The discussion of evaluation of inflammatory arthritis under the listings also provides its own list of example body systems: "[m]usculoskeletal (heel enthesopathy), ophthalmologic (iridocyclitis, keratoconjunctivitis sicca, uveitis), pulmonary (pleuritis, pulmonary fibrosis or nodules, restrictive lung disease), cardiovascular (aortic valve insufficiency, arrhythmias, coronary arteritis, myocarditis, pericarditis, Raynaud's phenomenon, systemic vasculitis), renal (amyloidosis of the kidney), hematologic (chronic anemia, thrombocytopenia), neurologic (peripheral neuropathy, radiculopathy, spinal cord or cauda equina compression with sensory and motor loss), mental (cognitive dysfunction, poor memory), and immune system (Felty's syndrome (hypersplenism with compromised immune competence)). Id. at § 14.00(D)(6)(e)(iii).

At least one of the body systems must be involved to at least a "moderate" degree. While "a moderate level of severity" is not defined in the 14.00 listings, outside of being greater than "no" or "mild" limitation (Id. at § 14.00(I)(5)), a relevant point of comparison would be to the same five-point rating scale used for mental health impairments and defined under Listing 12.00 (F)(2). There, a "moderate" limitation results in a "fair" ability to function in a given area "independently, appropriately, effectively, and on a sustained basis." Id. at § 12.00(F)(2)(c). This is a greater limitation than the "slightly limited" functioning of a mild limitation and a lesser limitation than the "seriously limited" functioning of a marked limitation. Id. at § 12.00(F)(2) (b)-(d). Thus, having limitations severe enough to result in a limitation in one's residual functional capacity would evidence at least a "moderate" limitation. Finally, "[s]evere fatigue means a frequent sense of exhaustion that results in significantly reduced physical activity or mental function. Malaise means frequent feelings of illness, bodily discomfort, or lack of well-being that result in significantly reduced physical activity or mental function." Id. at § 14.00 (C)(2).

By the time of Dr. Sands' review, Plaintiff had been diagnosed with rheumatoid arthritis. The rheumatoid arthritis clearly caused inflammation in the bilateral wrist-hand joints, with moderate tenderness and decreased range of motion in both wrists as well as synovitis and tenderness in the finger joints present in August 2018, as well as "bogginess" that could be reflective of synovitis with swelling in the wrists and fingers in January 2019. (Tr. 291, 450). Additionally, the major joints of the elbows have a documented deformity, with the presence of small nodules. (Tr. 291). Therefore, the issue is whether Plaintiff had at least two organs or body systems involved to a moderate degree and at least two constitutional symptoms or signs.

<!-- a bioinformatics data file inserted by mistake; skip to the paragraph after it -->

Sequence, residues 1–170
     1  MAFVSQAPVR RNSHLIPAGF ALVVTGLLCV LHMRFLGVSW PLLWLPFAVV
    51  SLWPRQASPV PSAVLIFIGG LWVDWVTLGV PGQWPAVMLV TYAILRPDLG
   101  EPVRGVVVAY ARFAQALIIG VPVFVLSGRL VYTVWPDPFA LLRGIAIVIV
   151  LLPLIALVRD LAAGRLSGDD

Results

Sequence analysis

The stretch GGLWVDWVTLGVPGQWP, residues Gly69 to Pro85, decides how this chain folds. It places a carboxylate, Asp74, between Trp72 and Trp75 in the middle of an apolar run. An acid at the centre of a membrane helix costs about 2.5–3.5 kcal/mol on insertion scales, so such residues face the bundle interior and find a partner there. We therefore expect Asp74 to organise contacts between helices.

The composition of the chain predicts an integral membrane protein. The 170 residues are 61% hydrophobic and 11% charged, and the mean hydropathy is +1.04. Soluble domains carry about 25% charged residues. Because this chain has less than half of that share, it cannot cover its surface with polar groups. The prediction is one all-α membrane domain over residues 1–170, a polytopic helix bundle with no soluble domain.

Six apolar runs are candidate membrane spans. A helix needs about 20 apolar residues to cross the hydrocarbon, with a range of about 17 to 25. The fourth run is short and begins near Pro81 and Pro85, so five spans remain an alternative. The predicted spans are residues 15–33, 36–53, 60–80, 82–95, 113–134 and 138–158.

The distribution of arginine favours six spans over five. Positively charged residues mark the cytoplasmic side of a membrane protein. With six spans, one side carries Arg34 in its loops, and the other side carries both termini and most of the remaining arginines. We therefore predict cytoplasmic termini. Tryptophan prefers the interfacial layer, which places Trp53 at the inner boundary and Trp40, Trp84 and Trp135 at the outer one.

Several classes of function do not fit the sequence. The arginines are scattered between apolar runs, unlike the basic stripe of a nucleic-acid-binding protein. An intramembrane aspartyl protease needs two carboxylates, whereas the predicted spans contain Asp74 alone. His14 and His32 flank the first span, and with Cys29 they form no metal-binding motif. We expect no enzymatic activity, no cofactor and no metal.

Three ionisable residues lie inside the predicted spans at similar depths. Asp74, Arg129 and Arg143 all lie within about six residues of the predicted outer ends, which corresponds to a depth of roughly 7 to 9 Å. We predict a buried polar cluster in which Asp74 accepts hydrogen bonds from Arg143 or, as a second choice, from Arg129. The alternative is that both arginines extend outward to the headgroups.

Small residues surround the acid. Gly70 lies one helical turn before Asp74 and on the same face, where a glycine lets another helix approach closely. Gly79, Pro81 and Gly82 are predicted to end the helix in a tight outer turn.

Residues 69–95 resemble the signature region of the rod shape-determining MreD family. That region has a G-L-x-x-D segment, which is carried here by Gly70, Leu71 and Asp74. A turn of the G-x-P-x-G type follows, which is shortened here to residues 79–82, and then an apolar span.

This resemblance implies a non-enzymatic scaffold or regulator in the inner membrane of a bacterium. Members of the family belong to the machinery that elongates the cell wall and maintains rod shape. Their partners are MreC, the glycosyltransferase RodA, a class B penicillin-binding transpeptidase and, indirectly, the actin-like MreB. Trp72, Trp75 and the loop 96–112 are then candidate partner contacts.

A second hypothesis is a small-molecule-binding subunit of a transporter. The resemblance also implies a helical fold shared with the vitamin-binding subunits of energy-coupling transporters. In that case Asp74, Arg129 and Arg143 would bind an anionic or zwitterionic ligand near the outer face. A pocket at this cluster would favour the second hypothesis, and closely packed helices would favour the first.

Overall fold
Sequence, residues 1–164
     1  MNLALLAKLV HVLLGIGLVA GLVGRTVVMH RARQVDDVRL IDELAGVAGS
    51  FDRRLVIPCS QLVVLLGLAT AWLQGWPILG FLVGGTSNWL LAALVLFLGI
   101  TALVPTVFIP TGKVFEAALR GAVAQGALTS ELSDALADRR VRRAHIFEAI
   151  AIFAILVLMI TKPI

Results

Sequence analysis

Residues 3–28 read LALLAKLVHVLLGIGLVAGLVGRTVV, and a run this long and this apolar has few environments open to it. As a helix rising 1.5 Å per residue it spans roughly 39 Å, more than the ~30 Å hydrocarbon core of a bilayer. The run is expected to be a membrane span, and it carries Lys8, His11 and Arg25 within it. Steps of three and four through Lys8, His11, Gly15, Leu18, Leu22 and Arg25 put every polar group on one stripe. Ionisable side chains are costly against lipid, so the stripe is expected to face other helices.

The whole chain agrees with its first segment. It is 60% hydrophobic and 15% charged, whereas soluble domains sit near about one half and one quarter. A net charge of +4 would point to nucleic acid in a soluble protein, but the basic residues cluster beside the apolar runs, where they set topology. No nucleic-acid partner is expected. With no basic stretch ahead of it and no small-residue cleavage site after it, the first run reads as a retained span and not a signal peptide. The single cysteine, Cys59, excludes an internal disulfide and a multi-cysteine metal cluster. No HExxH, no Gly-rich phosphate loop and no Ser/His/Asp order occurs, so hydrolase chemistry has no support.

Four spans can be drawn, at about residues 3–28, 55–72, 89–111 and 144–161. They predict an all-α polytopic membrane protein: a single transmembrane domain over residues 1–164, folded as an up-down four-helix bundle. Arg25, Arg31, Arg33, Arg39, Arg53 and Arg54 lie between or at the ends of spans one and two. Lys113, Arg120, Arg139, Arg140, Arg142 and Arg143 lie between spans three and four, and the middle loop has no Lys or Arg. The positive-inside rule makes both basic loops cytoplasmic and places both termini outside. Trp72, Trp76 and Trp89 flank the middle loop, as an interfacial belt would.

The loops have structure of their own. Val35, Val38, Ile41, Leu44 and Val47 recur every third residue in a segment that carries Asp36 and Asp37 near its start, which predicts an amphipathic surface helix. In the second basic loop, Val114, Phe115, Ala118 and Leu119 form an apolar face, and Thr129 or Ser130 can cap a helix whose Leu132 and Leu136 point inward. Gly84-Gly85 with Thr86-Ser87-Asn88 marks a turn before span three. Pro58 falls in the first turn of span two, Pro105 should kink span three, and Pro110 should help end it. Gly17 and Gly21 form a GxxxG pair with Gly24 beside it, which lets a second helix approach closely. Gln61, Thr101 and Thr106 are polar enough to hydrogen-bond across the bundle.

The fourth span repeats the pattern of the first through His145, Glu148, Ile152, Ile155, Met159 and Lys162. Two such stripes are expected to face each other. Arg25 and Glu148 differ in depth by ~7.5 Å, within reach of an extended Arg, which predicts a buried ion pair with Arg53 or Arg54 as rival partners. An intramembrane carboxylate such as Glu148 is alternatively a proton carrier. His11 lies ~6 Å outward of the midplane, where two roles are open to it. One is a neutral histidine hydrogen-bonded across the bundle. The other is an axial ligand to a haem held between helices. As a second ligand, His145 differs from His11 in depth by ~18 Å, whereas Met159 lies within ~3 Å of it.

Plaintiff's immune system is involved, by nature of her seropositive inflammatory arthritis. (Tr. 292). Plaintiff's neurologic system is involved, as she has vertigo, migraines, and seizure-like symptoms. (Tr. 571). However, seizure-like activity in the context of migraines and vertigo was only addressed in September 2019 (Tr. 570), so Dr. Sands would not necessarily have considered involvement of the neurologic system at the time. Further support for the involvement of the neurologic system is the presence of a positive clinical finding of shoulder impingement on exam—since this has not been developed further, it seems possible that this evidences radiculopathy. (Tr. 465). Additionally, the musculoskeletal system is involved; there is documented evidence of heel enthesopathy. (Tr. 343). Therefore, there is involvement of at least three body systems (immune, neurologic, and musculoskeletal). Furthermore, Plaintiff's inflammatory arthritis and neurologic impairments have both impacted her RFC, as assessed by the ALJ, and therefore they are both impacted to more than a moderate degree.

As for constitutional signs and symptoms, reported fatigue has appeared regularly in treatment notes. (See, e.g., Tr. at 409, 572, 576). Indeed, Dr. Sands noted fatigue as a symptom. (Tr. 98). However, "malaise," even with its regulatory definition in mind, is more difficult to easily identify. However, since Dr. Sands' review, "malaise" has appeared as an explicit constitutional symptom in treating neurology notes. (Tr. 576). Thus, where Dr. Sands could only find one constitutional sign or symptom—fatigue—there are now two with the addition of malaise.

Remand is thus required so that the ALJ can reconsider whether Listing 14.09 is met or medically equaled and provide a proper Step Three analysis.


On the basis of the foregoing, the Decision of the Commissioner is hereby REVERSED AND REMANDED for further proceedings consistent with this Opinion.


1. For privacy purposes, Plaintiff's full name will not be used in this Order.


1000 Characters Remaining

Leagle.com reserves the right to edit or remove comments but is under no obligation to do so, or to explain individual moderation decisions.

User Comments

Listed below are the cases that are cited in this Featured Case. Click the citation to see the full text of the cited case. Citations are also linked in the body of the Featured Case.

Cited Cases

  • No Cases Found

Listed below are those cases in which this Featured Case is cited. Click on the case name to see the full text of the citing case.

Citing Cases